I have seen with my own eyes how very wasteful this fragmented use of the peasant's strength is. When I called the peasants and explained to them the advantages of mechanical farming by pooling all land they agreed with all of this. But they said, we are ignorant  shall we be able to manage such a big task? ....
When the cooperative scheme of Bolpur came under Vishwabharati then I had hoped once more that now perhaps the opportunity had come. Those who had been entrusted with running the offices they were young in age, with accounting skills and training greater than mine. But our youth have come out of schools; they are used to memorizing books. The education which is in vogue in our country does not give courage to think nor the skills for work; the deliverance of students rests on repeating text-book jargons by rote." (Tagore 1930 : 25-27)
Thus, by his own admission, the much talked about experiment of his in Sriniketan fell short of his own vision.
Tagore criticized the idea of cooperation to receive loans only without cooperation in production. It is not by granting cooperative credit, he said, but by combined effort, thereby making the villages cooperation minded, that the villages can be saved. Admitting his own failure to promote mechanical farming through cooperatives in his estate Tagore reported that he had interviewed Russian peasants on cooperative farming and had received both positive and negative answers. Some farmers saw the need for pooling land for mechanized farming.
Others had objections to surrendering private ownership of land, saying that land is an instrument for self-expression. But Soviet Russia, he remarked, had denied the problem itself in its forced collectivization policy.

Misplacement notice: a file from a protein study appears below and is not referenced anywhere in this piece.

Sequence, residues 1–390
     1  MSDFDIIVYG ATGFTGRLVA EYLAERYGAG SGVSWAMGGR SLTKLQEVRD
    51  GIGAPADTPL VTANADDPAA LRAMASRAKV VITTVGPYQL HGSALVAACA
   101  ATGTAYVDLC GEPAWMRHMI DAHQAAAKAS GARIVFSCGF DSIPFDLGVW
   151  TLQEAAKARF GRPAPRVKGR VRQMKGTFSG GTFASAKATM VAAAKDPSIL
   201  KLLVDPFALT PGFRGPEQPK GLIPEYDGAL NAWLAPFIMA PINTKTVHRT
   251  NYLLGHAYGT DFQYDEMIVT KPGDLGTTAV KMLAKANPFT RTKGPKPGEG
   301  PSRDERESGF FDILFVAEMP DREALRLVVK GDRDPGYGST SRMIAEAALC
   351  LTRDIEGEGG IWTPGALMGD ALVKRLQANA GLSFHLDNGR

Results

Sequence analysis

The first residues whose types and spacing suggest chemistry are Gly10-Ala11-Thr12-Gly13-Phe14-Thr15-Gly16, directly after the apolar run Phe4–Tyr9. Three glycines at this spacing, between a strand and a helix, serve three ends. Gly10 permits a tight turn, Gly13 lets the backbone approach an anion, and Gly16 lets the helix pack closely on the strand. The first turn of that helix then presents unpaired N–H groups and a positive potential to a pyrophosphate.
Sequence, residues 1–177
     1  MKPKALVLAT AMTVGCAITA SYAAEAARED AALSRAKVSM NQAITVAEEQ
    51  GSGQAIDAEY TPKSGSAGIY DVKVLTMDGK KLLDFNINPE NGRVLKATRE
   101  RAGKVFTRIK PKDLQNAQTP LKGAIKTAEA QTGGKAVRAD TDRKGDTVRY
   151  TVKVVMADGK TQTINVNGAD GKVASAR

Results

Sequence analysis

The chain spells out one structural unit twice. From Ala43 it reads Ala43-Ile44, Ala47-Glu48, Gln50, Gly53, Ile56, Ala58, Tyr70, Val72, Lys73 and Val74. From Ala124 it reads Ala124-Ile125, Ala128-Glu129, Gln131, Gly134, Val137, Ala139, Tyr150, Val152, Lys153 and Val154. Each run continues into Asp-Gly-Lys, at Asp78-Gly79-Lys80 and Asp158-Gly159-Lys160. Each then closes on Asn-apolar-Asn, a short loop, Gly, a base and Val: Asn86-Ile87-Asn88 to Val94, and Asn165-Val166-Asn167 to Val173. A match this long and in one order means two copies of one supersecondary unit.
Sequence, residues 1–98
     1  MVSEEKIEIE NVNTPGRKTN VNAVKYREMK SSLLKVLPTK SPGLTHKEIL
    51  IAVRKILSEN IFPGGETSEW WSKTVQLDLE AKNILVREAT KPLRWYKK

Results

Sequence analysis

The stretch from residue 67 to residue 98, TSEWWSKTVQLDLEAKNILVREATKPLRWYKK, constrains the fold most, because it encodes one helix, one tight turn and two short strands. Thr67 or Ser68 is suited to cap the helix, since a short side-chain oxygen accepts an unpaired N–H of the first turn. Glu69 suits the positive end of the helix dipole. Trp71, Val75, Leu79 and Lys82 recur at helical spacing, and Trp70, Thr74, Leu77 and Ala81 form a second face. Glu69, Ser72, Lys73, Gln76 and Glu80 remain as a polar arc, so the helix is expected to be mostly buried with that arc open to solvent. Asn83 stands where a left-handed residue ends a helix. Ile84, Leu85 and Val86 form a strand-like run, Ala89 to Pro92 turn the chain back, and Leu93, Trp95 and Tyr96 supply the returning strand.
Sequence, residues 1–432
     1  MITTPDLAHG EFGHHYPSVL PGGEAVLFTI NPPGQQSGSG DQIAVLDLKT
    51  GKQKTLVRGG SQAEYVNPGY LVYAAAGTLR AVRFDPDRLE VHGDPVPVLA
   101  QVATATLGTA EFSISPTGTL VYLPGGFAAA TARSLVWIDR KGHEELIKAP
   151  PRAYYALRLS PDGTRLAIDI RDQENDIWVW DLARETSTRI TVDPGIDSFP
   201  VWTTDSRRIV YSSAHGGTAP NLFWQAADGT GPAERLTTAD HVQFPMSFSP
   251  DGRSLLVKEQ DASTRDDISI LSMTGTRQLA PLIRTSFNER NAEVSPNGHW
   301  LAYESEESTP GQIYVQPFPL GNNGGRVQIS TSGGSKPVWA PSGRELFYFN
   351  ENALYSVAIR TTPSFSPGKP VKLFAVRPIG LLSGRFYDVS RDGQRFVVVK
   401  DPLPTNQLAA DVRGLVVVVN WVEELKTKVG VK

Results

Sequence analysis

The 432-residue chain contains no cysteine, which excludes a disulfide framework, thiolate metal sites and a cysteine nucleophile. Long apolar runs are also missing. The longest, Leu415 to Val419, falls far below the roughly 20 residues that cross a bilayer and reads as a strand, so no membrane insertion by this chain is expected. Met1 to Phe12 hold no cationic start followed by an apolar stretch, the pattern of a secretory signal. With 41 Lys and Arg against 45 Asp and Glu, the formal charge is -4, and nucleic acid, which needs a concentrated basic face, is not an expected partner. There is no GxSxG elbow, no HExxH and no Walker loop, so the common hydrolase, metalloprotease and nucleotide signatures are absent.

Tagore observed that in Russia the neglect of social interest had come to such a height that the reaction was suppression of individualism. He saw serious problem in this, and predicted that one day Russia would face calamity for this.
In brief, he said, their mistake was that they had constructed a standard mould through their education policy, but humanity caged in a mould never lasts - "if the received doctrines do not agree with doctrines generated by the living mind then one day either the mould will burst into pieces, or the mind of the people will die benumbed, or will become (like that of) mechanical dolls:"
He also observed the Russian state's strong effort to impose one interpretation of Marxism blocking free discussion, and this destroys, does not create.
This, he observed, was an engineering viewpoint that cannot be applied to conscious independent thinking humans. (Tagore, op cit. : 11-12).
However, we see that the end of Soviet style 'Socialism' did not come quite for the reason that Tagore envisaged.

(Social and Environmental Thinking of Rabindranath Tagore in the light of Post Tagorian World Development)